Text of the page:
The media is evil they have no business in the war zone,they can not be trusted. And I do not have the right to know shit,I have the right to be thankful,and to do something as ,Mr Kyle said.My family adopted a soldier and a Marine ,and we sent them care packages .WE LOVED DOING IT,I was always trying to think of something I could send that was cool,a multi tool REI wool socks ,A headlamp ,surefire batteries ..And then the soldier and marine would send us a letter thanking us as if we sent them 100 pounds of gold..I still love it when the Chicago BEARS introduce a Combat Veteran at the games...the CROWD goes nuts ,but nobody enjoys it like the Veterans My God they run around high five fans and carry their kids it is amazing.And if you look around real close you will always find someone in the stands crying,and GOD knows what that means..GOD BLESS OUR MILITARY AND GOD KEEP THEM SAFE
My husband and I have three girls we're raising to be very appreciative and thankful to service members, police, firefighters, etc. My husband has been a cop for 22 years, so we're sensitive to what is generally a resounding lack of support. That said, the conversation about citizens doing things for those in the military struck a chord with me, and reminded of something that happened with our oldest daughter last month.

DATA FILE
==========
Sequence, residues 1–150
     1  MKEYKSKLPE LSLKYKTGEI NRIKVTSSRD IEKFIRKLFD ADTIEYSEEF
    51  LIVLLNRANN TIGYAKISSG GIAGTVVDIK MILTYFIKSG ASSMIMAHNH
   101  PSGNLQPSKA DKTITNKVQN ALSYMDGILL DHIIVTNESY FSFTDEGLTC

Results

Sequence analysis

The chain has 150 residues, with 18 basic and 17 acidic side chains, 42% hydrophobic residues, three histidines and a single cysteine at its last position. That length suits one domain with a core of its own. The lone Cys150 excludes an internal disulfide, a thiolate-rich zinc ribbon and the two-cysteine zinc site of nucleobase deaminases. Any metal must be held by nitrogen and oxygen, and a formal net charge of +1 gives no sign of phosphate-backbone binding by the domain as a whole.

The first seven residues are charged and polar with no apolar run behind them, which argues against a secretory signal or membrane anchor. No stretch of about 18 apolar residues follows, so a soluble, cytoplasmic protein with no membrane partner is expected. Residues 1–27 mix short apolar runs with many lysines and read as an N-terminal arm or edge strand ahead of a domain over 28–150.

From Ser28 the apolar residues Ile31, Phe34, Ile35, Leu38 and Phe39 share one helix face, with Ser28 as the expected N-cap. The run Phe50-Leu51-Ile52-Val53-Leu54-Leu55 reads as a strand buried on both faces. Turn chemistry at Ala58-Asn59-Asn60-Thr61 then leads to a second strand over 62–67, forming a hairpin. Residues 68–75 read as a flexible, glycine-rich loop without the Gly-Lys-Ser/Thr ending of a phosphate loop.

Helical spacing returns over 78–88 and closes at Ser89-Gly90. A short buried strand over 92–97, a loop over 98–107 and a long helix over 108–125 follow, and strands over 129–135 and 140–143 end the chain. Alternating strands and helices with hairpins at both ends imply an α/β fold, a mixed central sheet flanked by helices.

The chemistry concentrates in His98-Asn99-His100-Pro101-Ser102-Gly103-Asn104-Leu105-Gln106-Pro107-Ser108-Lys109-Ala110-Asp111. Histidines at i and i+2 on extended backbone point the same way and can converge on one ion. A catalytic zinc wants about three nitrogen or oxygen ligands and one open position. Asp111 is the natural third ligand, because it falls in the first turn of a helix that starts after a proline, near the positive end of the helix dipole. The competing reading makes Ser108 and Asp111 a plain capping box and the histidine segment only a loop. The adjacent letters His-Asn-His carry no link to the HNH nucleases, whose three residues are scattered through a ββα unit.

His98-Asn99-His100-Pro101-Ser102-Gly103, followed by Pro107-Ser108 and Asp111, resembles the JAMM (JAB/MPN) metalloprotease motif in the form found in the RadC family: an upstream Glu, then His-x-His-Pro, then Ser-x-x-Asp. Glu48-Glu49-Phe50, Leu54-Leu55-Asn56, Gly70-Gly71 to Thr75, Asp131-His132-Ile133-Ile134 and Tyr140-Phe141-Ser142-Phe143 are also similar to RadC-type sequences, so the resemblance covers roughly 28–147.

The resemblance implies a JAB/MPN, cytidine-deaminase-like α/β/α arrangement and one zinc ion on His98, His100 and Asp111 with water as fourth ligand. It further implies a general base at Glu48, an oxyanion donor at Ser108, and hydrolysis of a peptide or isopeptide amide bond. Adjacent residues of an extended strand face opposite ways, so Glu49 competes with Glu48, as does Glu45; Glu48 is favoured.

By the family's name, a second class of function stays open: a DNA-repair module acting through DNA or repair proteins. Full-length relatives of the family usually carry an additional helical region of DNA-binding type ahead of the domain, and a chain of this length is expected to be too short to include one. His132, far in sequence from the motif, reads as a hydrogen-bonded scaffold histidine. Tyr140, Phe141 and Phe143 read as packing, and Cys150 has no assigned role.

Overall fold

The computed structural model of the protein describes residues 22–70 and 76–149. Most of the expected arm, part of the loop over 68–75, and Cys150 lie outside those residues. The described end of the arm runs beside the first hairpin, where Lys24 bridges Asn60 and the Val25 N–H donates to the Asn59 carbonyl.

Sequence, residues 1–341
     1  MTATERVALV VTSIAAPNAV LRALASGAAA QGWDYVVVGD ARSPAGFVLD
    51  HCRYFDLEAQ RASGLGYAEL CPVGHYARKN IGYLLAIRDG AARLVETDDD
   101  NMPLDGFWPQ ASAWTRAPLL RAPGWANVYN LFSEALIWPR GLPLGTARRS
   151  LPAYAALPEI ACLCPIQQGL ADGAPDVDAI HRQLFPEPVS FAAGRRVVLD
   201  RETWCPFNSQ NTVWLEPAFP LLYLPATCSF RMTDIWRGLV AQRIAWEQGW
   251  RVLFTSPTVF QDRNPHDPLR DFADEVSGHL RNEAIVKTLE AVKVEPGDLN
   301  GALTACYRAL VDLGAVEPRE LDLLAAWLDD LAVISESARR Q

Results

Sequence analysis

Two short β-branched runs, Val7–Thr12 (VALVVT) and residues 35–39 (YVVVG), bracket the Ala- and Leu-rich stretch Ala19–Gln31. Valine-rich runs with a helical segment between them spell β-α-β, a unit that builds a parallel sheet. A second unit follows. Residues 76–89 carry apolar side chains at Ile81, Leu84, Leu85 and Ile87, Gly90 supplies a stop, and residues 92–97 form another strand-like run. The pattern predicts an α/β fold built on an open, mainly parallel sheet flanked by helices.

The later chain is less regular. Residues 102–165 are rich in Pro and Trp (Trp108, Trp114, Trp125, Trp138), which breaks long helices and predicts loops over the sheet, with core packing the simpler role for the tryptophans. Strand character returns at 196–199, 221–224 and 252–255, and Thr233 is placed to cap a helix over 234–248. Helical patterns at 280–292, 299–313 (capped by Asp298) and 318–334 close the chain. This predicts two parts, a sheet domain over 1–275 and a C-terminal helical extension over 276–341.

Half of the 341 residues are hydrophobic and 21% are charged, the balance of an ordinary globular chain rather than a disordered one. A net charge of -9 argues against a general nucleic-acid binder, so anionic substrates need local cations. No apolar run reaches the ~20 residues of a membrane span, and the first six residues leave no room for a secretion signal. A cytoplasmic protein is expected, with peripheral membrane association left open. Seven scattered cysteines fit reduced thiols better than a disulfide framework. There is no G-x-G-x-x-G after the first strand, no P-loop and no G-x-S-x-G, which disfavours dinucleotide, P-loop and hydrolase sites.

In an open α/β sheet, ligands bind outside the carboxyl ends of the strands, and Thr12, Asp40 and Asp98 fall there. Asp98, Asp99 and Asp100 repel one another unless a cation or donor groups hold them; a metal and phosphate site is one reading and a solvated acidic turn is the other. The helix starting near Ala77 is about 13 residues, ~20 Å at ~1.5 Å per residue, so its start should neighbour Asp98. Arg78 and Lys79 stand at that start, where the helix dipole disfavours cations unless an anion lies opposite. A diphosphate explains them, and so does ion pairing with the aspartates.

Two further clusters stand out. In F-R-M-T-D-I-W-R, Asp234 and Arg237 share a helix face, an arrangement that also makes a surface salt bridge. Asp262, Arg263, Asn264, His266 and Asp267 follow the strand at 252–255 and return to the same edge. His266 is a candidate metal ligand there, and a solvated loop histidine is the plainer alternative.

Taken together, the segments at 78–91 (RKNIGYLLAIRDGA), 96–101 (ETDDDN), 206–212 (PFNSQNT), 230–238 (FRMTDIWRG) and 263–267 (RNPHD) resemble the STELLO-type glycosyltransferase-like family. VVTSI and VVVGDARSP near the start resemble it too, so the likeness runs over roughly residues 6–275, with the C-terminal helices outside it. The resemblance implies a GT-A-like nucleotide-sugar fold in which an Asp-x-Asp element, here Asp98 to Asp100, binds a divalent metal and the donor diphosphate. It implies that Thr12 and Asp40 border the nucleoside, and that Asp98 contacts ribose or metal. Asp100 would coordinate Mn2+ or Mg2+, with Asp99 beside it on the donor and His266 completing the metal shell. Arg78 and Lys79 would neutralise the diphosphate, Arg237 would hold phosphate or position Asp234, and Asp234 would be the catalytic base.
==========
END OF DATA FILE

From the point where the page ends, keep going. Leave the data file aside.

Our 11 year old was flying on her own. She was escorted to the plane with a wounded vet and was seated next to him. My daughter noticed the Wounded Warrior insignia on his backpack and started chatting with him. At some point in flight, she asked him about his injuries. The vet told her he was injured in Afghanistan, and removed his leg brace to show the extensive scarring. When I asked my daughter what she said at that point, she answered, "That's cool!" After recovering from my mortification, I asked her what he said. Daughter said he smiled and laughed and said, "Thanks!" I then asked if the vet was an older man and she told me in absolute seriousness, "Yes. I think he was about 25." (out of the mouths of babes...) I asked her what made her decide to start talking to the man and she told me she figured he was a soldier and she thought she should say hi. This was one of those parenting moments where you feel like you can put a big check mark in the "raising a good person" column. When I relayed the story to my husband, he was proud of her, but insisted we break her of the "be nice and talk to the servicemen" habit before she hits her late teens!